Early this season, it wasn't a message that necessarily resonated with a roster that included five freshmen and no seniors. Rutgers opened the season with four losses in its first six games. The Scarlet Knights endured a 40-point loss against Duke and a 17-point loss at Old Dominion that cost the players the privilege of their locker room and laundry services for their practice gear. A program known for defense wasn't just losing, it was losing because it couldn't stop anyone. And nobody was especially happy.

Stringer related the story of learning from a writer that her players would sometimes return to their dorms and debate which of them she hated most. For her part, she wondered in frustration why some of the players ever chose Rutgers in the first place if they didn't want to do things her way.

"I think that they hadn't been used to being told that they're doing this wrong or that this is the way it needs to be done," Stringer said. "They probably needed to know that I wasn't a monster, and there was a reason for what we were doing."

That understanding came as the players followed the lead of veterans like Carson and reserve Katie Adams, upon whom Stringer bestows the "team mom" label that the players all give their coach, and started living up to the coach's demands on defense. And for her part, Stringer adapted to a group that she said is unlike any she has coached before.

As the wins began to pile up, the coach the players know off the court, one unfamiliar to fans who watch her stalk the sidelines, had more and more opportunities to surface.

"I think that there is a fine line between Vivian Stringer being a coach and a fun person off the court," Matee Ajavon said. "She's serious about what she's doing. Once she's on the court, she wants to get a lot of things done. When she's off the court, she's a totally different person -- she tells jokes and she's very fun. I think that there is a big difference."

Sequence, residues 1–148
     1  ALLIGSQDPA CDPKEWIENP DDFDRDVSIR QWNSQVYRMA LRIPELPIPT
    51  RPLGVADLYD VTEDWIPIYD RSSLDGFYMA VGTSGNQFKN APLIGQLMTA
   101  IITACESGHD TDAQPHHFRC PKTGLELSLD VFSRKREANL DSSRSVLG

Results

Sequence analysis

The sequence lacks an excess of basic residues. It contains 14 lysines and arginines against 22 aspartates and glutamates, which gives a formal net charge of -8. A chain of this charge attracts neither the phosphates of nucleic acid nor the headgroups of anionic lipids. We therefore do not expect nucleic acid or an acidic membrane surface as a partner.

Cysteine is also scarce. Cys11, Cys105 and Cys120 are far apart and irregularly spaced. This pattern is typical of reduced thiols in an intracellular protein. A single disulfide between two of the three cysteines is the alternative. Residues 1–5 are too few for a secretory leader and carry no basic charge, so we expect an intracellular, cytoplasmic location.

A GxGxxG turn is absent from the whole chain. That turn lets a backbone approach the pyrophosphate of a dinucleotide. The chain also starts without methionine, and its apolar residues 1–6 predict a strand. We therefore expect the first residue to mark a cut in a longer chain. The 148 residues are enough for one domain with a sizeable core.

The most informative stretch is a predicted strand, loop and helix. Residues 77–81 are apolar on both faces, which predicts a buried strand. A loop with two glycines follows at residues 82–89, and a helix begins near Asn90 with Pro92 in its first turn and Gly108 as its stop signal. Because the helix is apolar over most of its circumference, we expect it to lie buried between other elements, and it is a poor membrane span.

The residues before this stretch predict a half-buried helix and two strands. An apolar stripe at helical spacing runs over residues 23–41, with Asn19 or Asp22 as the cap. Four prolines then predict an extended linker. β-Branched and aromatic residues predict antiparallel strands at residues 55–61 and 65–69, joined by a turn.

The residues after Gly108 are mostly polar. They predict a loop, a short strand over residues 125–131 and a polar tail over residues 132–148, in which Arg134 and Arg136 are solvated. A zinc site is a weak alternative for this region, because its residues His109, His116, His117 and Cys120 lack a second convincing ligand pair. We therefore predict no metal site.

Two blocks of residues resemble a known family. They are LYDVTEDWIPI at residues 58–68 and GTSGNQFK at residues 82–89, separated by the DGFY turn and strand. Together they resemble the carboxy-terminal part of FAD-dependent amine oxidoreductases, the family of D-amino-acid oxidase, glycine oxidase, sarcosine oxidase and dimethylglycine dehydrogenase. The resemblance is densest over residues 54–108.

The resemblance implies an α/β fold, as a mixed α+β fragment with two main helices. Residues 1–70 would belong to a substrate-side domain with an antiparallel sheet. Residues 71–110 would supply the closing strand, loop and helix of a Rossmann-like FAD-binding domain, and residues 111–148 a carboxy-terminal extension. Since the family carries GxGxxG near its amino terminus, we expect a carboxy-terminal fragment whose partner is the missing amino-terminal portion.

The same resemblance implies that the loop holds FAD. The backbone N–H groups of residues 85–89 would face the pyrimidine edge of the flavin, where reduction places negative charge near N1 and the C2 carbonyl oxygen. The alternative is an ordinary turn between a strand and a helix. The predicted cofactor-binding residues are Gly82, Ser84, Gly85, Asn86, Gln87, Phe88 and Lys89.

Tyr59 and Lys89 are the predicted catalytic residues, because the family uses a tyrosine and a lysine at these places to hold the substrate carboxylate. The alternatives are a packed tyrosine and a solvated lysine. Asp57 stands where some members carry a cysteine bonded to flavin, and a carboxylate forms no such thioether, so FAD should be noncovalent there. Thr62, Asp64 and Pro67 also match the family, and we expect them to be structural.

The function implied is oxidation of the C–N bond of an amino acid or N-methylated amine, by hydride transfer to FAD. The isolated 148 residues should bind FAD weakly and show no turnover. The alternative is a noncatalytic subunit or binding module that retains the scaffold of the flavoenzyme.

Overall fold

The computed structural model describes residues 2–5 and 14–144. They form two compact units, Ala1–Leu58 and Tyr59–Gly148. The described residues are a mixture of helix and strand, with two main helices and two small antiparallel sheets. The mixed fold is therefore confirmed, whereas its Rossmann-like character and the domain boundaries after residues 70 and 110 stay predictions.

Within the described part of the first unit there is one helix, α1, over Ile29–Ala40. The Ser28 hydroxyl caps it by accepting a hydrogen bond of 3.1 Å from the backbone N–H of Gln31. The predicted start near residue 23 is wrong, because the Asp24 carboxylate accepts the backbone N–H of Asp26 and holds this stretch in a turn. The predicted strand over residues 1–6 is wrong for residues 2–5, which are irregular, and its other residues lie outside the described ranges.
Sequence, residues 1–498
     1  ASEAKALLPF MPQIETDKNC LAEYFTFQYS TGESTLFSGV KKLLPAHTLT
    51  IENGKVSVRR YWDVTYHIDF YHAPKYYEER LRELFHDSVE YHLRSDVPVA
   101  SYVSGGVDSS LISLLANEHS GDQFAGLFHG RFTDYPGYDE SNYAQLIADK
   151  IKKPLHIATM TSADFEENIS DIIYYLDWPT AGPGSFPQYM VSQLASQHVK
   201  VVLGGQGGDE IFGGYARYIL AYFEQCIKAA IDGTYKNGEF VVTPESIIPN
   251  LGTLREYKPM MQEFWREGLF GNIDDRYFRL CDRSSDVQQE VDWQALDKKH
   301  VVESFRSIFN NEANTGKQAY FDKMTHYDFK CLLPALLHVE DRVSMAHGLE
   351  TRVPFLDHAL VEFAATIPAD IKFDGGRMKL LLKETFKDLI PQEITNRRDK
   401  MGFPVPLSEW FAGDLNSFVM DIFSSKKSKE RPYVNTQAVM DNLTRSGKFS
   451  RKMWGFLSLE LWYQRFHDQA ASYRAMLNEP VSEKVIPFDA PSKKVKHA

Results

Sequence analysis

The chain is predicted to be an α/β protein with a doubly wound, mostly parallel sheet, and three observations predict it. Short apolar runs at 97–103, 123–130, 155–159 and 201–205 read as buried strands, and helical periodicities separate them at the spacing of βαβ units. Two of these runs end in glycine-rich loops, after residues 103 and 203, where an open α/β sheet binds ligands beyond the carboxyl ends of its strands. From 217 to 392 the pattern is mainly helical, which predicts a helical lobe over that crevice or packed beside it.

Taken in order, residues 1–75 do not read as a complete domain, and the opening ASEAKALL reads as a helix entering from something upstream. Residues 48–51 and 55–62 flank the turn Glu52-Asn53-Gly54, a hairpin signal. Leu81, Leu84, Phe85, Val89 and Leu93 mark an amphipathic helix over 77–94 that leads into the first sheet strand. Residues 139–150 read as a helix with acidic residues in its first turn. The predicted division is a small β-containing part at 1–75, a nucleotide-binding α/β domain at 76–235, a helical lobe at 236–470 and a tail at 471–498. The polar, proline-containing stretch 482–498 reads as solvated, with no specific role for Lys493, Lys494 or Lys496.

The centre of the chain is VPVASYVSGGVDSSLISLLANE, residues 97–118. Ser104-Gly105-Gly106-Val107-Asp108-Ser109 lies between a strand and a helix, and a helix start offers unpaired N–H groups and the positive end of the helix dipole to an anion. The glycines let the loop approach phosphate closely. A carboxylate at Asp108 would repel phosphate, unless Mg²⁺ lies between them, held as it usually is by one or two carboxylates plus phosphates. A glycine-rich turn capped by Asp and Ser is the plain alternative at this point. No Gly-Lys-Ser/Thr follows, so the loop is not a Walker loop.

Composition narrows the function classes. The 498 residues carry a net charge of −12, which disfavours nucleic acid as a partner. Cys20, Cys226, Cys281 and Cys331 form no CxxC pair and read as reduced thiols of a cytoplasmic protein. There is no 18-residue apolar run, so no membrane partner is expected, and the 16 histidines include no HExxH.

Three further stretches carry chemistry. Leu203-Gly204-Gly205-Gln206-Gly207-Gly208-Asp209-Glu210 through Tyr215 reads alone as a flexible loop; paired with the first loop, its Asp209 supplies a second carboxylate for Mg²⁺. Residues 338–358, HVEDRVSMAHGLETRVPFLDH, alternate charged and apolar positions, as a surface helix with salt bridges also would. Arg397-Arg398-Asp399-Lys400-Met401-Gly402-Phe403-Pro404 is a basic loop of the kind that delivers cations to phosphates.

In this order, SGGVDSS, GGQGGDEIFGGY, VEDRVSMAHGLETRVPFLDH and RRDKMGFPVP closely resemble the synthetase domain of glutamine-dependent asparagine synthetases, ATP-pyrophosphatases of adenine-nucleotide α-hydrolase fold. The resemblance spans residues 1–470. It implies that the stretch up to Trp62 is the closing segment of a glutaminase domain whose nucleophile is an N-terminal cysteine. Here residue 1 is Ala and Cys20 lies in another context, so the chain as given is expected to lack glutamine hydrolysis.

Stringer's demeanor and methods on the court are about more than just implementing a defense capable of shutting down the tournament's No. 1 overall seed (Duke) or LSU All-American Sylvia Fowles. Basketball is the venue through which she can influence her players far beyond the four years they spend in Piscataway, N.J.

"It's a really awesome responsibility, and almost unbearable when you think about the responsibility that we have to these young women," Stringer said. "When they get through and they're done, they're probably not going home; they're going on to life."

And whatever others think of her methods -- just as she does in refusing to apologize for playing a brand of basketball that doesn't appeal to viewers looking for behind-the-back passes and triple-digit scores -- Stringer is convinced she's doing things in the manner most likely to produce success.

"I think that you're going to make a mistake when you think that young people want to be left alone to do their own thing, whatever that is," Stringer is. "I think young people want to be nurtured, they want to be guided, they want to be loved. They want somebody to tell them, 'Yeah, you didn't do this right.'"

She had to say that quite a few times in the opening months of this season, but as spring takes hold of Cleveland after a long winter, it's difficult to argue with the results of what she sowed.

"I would hope that they would never doubt what I'm doing, why I'm doing what I'm doing," Stringer said. "I know that they all come to understand that, that much I do know. Some of them have questions maybe as they start to go through that process, but it doesn't take long before they know that we're in this fight together."

Tuesday night in Cleveland, Rutgers' players will play and its coach will coach, all in pursuit of a national championship. But win or lose, they'll live.

That's what Stringer's teams always do.

Graham Hays is a regular contributor to ESPN.com's women's basketball coverage. E-mail him at Graham.Hays@espn3.com.